The Max Planck Society (MPG) annually awards two Minerva Fast Track positions in the Chemistry, Physics and Technology Section to provide support for young scientists on their way to achieving their own research group. Due to her outstanding research achievements, Mira Pöhlker, who works at the Max Planck Institute for Chemistry (MPI for Chemistry) in Mainz, will receive one of these positions this year. She investigates the atmospheric processes leading to the formation of clouds and precipitation, in particular the role of aerosol particles serving as cloud condensation nuclei.
Mira Pöhlker, nee Krüger, studied physics at the Johannes Gutenberg University in Mainz and conducted research in elementary particle physics with ultra-cold neutrons during her diploma thesis. She has been working at the MPI for Chemistry since 2012, where she initially worked in the Department of Biogeochemistry headed by Meinrat O. Andreae; in 2013 she moved to Ulrich Pöschl's new Department of Multiphase Chemistry.
At the end of 2017 Mira Pöhlker completed her dissertation on the "Investigation of atmospheric aerosol and cloud condensation nuclei under pristine and polluted conditions" at the Max Planck Graduate Center with the Johannes Gutenberg-University Mainz (MPGC) with distinction and the top grade summa cum laude. The outstanding results of her doctoral thesis and further studies have been published in more than a dozen articles in leading international journals.
Mira Pöhlker on board the HALO research aircraft together with Tommy Leder (DLR), monitoring data acquisition. Photo: Sergej Molleker
Currently, Mira Pöhlker is heading a project to measure cloud condensation nuclei on board the HALO research aircraft. Combining the aircraft data with ground-based long-term measurements in the Amazon Rainforest Observatory ATTO, she gains new insights into aerosol-cloud-interactions in a largely pristine atmosphere, which constitute an important baseline for the development of reliable atmospheric and climate models. "In order to make more accurate predictions about human-induced climate change, it is important to understand how atmospheric, and especially cloud formation, processes occurred in pre-industrial times. With the aid of data from regions still largely untouched by humans, such as the Amazon rainforest, we are trying to understand these processes", explains die 29-year-old scientist.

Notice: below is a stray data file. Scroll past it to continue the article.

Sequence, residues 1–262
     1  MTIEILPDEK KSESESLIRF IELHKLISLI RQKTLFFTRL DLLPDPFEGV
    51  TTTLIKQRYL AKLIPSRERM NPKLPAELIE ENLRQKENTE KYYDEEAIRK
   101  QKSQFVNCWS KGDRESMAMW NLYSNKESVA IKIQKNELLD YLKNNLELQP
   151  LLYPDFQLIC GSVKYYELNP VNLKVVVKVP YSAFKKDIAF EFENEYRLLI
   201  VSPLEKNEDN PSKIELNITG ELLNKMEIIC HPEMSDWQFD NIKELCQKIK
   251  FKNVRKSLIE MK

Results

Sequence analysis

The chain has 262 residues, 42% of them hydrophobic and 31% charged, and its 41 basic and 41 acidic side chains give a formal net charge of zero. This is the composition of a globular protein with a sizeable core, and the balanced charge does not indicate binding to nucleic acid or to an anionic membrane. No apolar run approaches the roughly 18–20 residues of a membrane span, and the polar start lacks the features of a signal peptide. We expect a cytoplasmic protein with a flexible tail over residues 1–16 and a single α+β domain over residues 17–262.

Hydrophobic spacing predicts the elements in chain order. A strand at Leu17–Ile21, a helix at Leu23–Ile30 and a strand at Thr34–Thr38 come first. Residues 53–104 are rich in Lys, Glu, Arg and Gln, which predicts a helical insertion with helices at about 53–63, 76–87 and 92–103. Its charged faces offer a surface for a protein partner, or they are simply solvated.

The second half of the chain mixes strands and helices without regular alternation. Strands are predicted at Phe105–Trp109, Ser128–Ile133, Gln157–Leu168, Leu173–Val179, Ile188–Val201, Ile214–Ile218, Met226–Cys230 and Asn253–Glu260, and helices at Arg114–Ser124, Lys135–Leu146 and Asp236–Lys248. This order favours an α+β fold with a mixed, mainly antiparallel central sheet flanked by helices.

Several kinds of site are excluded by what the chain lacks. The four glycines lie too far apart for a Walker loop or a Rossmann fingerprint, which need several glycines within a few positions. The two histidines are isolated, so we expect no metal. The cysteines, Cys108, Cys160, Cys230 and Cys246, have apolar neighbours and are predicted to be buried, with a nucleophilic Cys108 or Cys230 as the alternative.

The Minerva Fast Track programme offers funding for a two-year period. During this time, the physicist plans to carry out further investigations using the HALO research aircraft, at the Amazon Rainforest Observatory ATTO and at the Ragged Point Atlantic Coastal Observatory in Barbados, where new measurement methods will also be used. The results of her research flights and ground-based observations will be integrated into atmospheric models and compared with satellite measurements to quantify the effects of atmospheric aerosols on cloud formation. Following this, and with a positive assessment of further research work, the Mainz-based scientist can apply to establish a Max Planck Research Group.
"The Minerva Fast Track position is a great honor for Mira Pöhlker and her outstanding scientific work. It offers an excellent basis for continuing her projects and building up her own group", Ulrich Pöschl, director of the MPI for Chemistry, is pleased to announce.
More information about the Minerva Fast Track:
The Minerva Fast Track pilot project by the Chemistry, Physics & Technology Section gives outstanding female scientists the chance to plan their careers for the long term after completing their doctoral studies. Right after the dissertation or after the first postdoc position, funding is provided for a maximum of three years with the objective of subsequently applying for an open-topic Max Planck Research Group. More inforamtion: <link www.mpg.de/equal_opportunities _blank>https://www.mpg.de/equal_opportunities</link>
The HALO research aircraft is a joint initiative of several German environmental and climate research institutions. HALO was started with funding from the Federal Ministry of Education and Research, the Helmholtz Association, and the Max Planck Society. The operation of HALO is supported by the German Research Foundation (DFG), the Max Planck Society (MPG), the Forschungszentrum Jülich (FZJ), the Karlsruhe Institute of Technology (KIT), the German Research Center for Geosciences (GFZ) in Potsdam, and the Leibniz Institute for Tropospheric Research in Leipzig (TROPOS). The German Aerospace Center (DLR) is the owner and operator of the aircraft.